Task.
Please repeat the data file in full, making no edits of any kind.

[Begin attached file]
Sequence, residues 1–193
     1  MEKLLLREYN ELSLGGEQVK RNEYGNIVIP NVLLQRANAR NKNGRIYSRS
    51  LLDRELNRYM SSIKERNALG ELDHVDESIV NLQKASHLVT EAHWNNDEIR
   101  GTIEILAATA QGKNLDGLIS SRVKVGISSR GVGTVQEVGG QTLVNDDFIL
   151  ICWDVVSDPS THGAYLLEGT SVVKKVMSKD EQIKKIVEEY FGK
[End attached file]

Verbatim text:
Sequence, residues 1–193
     1  MEKLLLREYN ELSLGGEQVK RNEYGNIVIP NVLLQRANAR NKNGRIYSRS
    51  LLDRELNRYM SSIKERNALG ELDHVDESIV NLQKASHLVT EAHWNNDEIR
   101  GTIEILAATA QGKNLDGLIS SRVKVGISSR GVGTVQEVGG QTLVNDDFIL
   151  ICWDVVSDPS THGAYLLEGT SVVKKVMSKD EQIKKIVEEY FGK